So back to this proposed law which is possibly logical given the changes in the way that we (the masses) receive and share information. Please keep in mind that at this point (with me not knowing what any law will look like) I am turning the IDEA over in my head rather than dealing with the reality of a done deal.  

The world has changed dramatically over the past 5-15 years. We all know this but do we consider the gravity of this when we speak in public, in our one-direction onesies?  Facebook launched in 2004 making it easier than ever to share opinions, group like-minded people together and mobilise ‘troupes’ for action.

But of course it is not just Facebook.

We have twitter, blogs, messaging, google plus, linked in and a whole host of other social networking sites that connect us to news, views and issues as soon as they are expressed, planned or happen.   BTW the irony of blogging about this issue is not lost on me……..  Thinking about my own experiences I have been made aware of problems and situations happening in the world through social media that I might never had heard of otherwise. Does this make me a better or more powerful or smart person?  I don’t know – maybe sometimes but not others.  What I do know is that it adds to my ‘information in’ tray and makes life seem oh-so-complicated and time-consuming – Do I really have to wade through ALL OF THIS….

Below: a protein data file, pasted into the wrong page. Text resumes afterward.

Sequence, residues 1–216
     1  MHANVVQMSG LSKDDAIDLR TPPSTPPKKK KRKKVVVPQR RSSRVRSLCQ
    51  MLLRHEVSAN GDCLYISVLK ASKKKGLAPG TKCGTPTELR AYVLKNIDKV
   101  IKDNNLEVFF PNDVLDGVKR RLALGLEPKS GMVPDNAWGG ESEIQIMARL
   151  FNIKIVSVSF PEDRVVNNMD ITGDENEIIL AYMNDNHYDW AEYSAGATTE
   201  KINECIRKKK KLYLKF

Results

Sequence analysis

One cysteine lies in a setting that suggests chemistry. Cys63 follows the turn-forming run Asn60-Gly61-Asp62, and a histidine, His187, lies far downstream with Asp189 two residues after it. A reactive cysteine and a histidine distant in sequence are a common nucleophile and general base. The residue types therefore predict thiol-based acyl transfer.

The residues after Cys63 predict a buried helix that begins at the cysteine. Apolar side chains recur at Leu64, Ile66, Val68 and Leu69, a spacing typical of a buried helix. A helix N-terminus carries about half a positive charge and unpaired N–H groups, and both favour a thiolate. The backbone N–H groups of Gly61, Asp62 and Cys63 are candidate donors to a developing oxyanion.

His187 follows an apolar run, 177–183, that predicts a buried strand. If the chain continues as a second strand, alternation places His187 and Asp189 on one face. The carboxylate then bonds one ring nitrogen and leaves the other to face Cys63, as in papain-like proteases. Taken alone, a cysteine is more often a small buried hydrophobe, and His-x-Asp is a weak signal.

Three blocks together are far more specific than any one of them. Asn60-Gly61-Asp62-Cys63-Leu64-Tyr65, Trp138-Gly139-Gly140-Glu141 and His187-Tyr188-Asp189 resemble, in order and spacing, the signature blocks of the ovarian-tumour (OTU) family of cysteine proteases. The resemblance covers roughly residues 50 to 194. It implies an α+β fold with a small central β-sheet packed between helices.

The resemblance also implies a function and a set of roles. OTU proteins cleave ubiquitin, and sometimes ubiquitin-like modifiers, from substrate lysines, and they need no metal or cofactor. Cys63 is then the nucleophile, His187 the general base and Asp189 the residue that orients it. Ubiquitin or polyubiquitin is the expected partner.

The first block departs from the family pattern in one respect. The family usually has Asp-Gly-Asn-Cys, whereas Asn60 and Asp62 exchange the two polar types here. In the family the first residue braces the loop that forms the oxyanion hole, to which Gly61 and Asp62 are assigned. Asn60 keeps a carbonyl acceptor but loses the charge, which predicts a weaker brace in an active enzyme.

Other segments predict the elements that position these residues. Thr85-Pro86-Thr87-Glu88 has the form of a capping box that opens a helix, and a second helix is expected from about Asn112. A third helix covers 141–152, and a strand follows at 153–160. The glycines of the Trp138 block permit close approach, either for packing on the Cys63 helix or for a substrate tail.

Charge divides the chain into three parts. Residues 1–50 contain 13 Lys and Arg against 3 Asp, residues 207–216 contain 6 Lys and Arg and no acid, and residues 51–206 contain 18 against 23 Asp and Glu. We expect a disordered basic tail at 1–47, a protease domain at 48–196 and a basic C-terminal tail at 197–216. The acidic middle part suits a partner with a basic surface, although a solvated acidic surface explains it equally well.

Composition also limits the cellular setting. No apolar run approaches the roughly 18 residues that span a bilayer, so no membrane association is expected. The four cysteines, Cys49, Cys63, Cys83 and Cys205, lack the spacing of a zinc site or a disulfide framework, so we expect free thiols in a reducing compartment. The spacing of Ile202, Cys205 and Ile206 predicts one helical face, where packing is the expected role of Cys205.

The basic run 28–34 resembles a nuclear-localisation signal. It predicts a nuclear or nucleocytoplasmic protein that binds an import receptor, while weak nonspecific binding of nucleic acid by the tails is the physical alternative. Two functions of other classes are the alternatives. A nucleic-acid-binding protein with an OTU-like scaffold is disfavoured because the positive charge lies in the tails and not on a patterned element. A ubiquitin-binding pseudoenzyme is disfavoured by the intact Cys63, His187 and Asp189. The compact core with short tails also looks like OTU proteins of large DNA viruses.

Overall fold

In my job as a cosmetic chemist I feel the brunt of this.  Some days it is like sitting on the shore as the waves smash in, knocking me backwards time and time again and giving me a good going over while they are at it.  However, once the wave passes I survey the situation, find another spot to sit in and try to get on with what I was doing.  It is exhausting and yes each onslaught does change me but usually not in the way that the wave of mis-information would like.  I generally end up feeling stronger and more secure after using the experience as a learning curve, a chance to re-evaluate what I know and don’t know. How I can prevent it from happening again.